Hayes v. Hettinga

Annotate this Case

228 N.W.2d 181 (1975)

James HAYES, d/b/a Hayes Tool and Die Company, Appellant, v. Saibolt HETTINGA, d/b/a Hettinga Company, Appellee.

No. 55219.

Supreme Court of Iowa.

April 16, 1975.

*182 Dreher, Wilson & Adams, Des Moines, for appellant.

Johnson, Jordan & Lane, Knoxville and Gaass, Klyn & Boehlje, Pella, for appellee.

Heard before MOORE, C. J., and LeGRAND, REES, HARRIS and McCORMICK, JJ.

LeGRAND, Justice.

This is a suit under the Uniform Commercial Code (Chapter 554, The Code, 1971), by which plaintiff seeks to recover for alleged breach of contract. Defendant, in turn, counterclaimed for damages, asserting the breach was plaintiff's, not his. The case was tried without a jury. The trial court found against plaintiff and dismissed his petition. On the counterclaim, defendant was awarded judgment for return of the partial payment he had made on the contract, but his prayer for other damages was disallowed. Both parties appeal, and we affirm on both appeals.

Trial of the case, interrupted by two long recesses, began February 1, 1971 and concluded April 29, 1971. The record consists of some 700 pages of testimony and nearly 100 exhibits. The trial court described the trial as "one long discovery process which was interesting but did not help the court with its problem of relating evidence to the real issues." The court further noted the issues, despite numerous attempts to refine them, were never precisely framed with reference to the Uniform Commercial Code. We agree with both these observations. In reviewing the evidence as related to the pleaded issues, we adhere, of course, to the rule the trial court's findings are binding on us if supported by substantial evidence and the corollary that we seek to uphold, rather than defeat, the result reached. Rule 344(f)(1), Rules of Civil Procedure; Whewell v. Dobson, 227 N.W.2d 115 (Iowa 1975); Jacobson v. Benson Motors, Inc., 216 N.W.2d 396, 398 (Iowa 1974); Long v. Glidden Mutual Insurance Association, 215 N.W.2d 271, 272 (Iowa 1974); Kengorco, Incorporated v. Jorgenson, 176 N.W.2d 186, 188 (Iowa 1970).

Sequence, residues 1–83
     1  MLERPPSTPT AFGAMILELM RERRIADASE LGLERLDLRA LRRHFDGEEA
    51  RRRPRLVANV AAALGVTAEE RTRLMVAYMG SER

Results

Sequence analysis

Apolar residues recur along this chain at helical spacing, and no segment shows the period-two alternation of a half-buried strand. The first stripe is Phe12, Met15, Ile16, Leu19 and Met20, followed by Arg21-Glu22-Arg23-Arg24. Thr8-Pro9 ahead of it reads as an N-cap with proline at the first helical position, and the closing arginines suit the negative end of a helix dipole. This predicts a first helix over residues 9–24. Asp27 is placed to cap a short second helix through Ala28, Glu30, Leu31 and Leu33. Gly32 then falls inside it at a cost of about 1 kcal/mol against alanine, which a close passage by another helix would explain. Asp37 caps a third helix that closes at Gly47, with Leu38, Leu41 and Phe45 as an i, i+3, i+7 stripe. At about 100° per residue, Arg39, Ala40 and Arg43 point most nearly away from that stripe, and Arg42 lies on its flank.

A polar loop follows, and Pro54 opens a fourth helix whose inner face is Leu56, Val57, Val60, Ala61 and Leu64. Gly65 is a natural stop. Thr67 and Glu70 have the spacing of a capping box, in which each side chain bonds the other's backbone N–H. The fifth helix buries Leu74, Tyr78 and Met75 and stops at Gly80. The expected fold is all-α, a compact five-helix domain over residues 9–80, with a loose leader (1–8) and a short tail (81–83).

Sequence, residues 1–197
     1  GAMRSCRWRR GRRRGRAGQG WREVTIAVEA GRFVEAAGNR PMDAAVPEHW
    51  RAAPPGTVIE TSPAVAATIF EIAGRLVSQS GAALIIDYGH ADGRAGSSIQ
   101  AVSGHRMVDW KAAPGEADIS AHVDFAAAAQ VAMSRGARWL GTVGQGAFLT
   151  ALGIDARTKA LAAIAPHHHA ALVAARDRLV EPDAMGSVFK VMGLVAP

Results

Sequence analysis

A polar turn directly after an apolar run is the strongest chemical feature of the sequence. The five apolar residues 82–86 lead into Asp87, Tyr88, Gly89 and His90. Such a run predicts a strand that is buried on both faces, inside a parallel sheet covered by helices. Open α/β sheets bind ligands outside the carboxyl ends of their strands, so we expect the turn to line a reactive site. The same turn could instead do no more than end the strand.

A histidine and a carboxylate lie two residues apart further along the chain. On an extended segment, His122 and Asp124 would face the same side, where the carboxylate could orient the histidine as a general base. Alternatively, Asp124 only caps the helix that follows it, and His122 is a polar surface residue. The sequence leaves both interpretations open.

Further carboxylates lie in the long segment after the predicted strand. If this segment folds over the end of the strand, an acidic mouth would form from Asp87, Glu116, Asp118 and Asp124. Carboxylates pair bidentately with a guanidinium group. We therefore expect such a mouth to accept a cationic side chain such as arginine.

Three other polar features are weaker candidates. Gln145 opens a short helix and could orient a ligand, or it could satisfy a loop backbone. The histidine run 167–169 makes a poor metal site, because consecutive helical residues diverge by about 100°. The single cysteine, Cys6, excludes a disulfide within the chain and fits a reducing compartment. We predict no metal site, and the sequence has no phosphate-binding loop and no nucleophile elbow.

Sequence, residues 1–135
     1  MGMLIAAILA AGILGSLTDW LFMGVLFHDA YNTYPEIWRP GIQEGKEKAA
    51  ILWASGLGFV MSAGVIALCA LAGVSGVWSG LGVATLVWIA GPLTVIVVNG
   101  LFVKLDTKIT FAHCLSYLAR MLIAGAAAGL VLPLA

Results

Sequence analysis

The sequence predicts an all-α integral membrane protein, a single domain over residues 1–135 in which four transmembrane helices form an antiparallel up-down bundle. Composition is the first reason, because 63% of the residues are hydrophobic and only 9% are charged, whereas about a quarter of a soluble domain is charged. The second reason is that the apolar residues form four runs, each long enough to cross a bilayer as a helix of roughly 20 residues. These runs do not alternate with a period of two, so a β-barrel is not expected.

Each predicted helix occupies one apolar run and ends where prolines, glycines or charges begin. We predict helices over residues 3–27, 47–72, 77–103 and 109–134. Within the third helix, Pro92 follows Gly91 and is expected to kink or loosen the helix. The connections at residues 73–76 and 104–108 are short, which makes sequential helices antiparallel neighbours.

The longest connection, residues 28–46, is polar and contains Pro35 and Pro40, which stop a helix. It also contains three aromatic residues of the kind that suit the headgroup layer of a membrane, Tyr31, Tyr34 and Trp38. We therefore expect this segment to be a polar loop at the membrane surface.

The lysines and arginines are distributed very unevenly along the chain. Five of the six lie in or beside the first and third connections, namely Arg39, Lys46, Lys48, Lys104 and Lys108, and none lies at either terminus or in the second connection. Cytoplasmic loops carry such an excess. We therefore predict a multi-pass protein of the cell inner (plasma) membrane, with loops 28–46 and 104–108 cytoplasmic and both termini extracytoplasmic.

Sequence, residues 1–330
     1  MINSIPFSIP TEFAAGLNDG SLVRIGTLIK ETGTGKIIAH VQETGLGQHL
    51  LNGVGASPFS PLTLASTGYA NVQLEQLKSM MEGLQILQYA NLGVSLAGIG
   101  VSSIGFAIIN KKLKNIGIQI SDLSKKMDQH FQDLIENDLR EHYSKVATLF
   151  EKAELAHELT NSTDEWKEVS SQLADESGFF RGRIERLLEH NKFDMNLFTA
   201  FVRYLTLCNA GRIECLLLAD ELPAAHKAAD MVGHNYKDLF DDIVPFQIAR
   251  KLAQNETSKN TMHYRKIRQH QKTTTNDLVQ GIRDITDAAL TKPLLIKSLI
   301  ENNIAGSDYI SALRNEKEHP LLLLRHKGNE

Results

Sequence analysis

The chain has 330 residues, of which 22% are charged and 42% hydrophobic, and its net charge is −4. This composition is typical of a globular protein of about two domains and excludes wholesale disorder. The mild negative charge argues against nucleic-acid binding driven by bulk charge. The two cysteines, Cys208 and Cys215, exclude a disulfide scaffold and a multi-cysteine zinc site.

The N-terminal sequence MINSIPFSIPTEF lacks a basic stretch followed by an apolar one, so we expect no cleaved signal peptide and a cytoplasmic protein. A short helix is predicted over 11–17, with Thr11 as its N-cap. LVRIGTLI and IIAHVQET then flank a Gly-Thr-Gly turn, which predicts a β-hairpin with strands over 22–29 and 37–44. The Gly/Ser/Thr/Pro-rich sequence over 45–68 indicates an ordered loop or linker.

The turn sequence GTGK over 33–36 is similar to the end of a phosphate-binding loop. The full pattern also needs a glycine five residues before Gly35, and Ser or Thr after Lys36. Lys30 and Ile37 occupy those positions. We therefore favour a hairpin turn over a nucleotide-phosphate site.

The facts upon which the trial court based its findings are as follows. In 1968 *183 plaintiff and defendant entered into a contract by which plaintiff was to custom make two moldsa lid and a cupto be used in manufacturing plastic containers for a deodorizer which acted as a household air freshener. Plaintiff agreed to make the molds for $12,500. One-half, or $6,250, was paid down. The balance was to be paid upon completion of the contract. Defendant, meantime, had entered into a separate agreement to sell the finished containers to Earl Harmon Products.